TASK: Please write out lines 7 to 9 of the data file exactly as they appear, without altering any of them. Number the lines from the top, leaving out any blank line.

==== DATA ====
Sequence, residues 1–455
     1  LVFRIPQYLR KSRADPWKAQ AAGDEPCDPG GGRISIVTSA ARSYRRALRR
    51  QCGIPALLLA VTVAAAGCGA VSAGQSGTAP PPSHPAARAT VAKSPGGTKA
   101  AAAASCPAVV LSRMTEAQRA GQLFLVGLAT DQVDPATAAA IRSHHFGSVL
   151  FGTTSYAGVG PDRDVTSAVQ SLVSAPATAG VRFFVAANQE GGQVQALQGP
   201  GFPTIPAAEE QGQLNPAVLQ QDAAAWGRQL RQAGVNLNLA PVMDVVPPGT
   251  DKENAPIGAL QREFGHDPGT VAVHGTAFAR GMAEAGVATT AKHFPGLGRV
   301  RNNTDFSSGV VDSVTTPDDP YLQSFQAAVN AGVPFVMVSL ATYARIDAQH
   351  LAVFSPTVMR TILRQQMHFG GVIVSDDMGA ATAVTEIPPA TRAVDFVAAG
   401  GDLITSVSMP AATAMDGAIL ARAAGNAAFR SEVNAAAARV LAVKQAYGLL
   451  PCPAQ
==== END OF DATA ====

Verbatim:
   251  DKENAPIGAL QREFGHDPGT VAVHGTAFAR GMAEAGVATT AKHFPGLGRV
   301  RNNTDFSSGV VDSVTTPDDP YLQSFQAAVN AGVPFVMVSL ATYARIDAQH
   351  LAVFSPTVMR TILRQQMHFG GVIVSDDMGA ATAVTEIPPA TRAVDFVAAG